The tale of Beren and Lúthien was part of The Silmarillion, the myths and legends of the First Age of Middle Earth. Essential to the story is the fate that shadowed the love of Beren and Lúthien: for Beren was a mortal man, but Lúthien was an immortal elf. Her father, a great elvish lord in deep opposition to Beren, imposed on him an impossible task that he must perform before he might wed Lúthien. This leads to the heroic attempt of Beren and Lúthien together to rob the greatest of all evil beings, Melkor, called Morgoth, the Black Enemy, of a Silmaril. In this book, J.R.R.'s son Christopher Tolkien has attempted to extract the story of Beren and Lúthien from the comprehensive work in which it was embedded; but that story was itself changing as it developed new associations within the larger history. To show something of the process whereby this legend of Middle Earth evolved over the years, he has told the story in his father's own words by giving, first, its original form, and then passages in prose and verse from later texts that illustrate the narrative as it changed. Presented together for the first time, they reveal aspects of the story, both in event and in narrative immediacy, that were afterward lost.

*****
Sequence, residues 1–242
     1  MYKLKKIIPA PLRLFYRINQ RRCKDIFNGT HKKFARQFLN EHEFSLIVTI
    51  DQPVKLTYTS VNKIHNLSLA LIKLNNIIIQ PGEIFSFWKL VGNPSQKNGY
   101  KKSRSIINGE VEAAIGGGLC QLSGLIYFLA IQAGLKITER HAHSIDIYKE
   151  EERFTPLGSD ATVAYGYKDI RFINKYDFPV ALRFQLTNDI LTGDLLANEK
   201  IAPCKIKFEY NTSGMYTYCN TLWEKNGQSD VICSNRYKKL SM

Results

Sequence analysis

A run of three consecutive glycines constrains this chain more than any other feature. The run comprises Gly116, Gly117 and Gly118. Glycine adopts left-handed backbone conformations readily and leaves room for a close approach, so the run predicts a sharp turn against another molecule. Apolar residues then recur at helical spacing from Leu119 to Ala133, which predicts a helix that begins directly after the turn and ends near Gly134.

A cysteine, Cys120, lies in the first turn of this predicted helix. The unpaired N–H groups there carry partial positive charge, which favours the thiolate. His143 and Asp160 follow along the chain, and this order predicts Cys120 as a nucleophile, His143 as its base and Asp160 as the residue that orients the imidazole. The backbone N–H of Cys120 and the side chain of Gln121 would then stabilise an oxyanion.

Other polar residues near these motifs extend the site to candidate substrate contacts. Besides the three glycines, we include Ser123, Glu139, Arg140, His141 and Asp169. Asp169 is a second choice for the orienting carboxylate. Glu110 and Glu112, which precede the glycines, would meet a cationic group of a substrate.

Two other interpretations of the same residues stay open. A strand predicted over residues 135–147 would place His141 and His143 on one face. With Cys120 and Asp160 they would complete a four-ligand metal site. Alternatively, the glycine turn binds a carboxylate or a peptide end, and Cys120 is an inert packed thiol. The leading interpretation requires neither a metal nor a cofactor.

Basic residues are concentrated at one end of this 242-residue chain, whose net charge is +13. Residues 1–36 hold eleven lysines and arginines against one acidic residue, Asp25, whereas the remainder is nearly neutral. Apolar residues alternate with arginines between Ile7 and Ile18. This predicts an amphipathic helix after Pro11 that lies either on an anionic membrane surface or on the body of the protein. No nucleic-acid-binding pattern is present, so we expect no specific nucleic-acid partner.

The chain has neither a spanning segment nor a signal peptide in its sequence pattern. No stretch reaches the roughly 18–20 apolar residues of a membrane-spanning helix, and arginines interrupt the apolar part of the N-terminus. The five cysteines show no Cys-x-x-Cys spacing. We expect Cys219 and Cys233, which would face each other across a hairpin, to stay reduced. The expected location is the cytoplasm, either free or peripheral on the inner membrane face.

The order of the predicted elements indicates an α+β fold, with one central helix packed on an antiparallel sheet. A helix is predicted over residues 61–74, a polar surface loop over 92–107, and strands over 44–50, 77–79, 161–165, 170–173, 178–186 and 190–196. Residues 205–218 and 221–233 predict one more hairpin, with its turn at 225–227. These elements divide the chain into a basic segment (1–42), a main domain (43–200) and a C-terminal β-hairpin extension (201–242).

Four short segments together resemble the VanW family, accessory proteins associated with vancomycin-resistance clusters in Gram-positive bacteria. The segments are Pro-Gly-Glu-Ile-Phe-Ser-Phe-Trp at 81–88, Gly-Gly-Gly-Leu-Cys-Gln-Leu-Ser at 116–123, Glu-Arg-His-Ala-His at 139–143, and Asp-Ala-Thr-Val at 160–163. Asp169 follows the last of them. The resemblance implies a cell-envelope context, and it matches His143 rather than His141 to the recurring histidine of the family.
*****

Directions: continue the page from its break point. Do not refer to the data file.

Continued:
Middle Earth universe.
Good and evil -- Fiction.
Middle Earth (Imaginary place) -- Fiction.
Quests (Expeditions) -- Fiction.
Tolkien, Christopher, editor.
Tolkien, J. R. R. (John Ronald Reuel), 1892-1973. Silmarillion.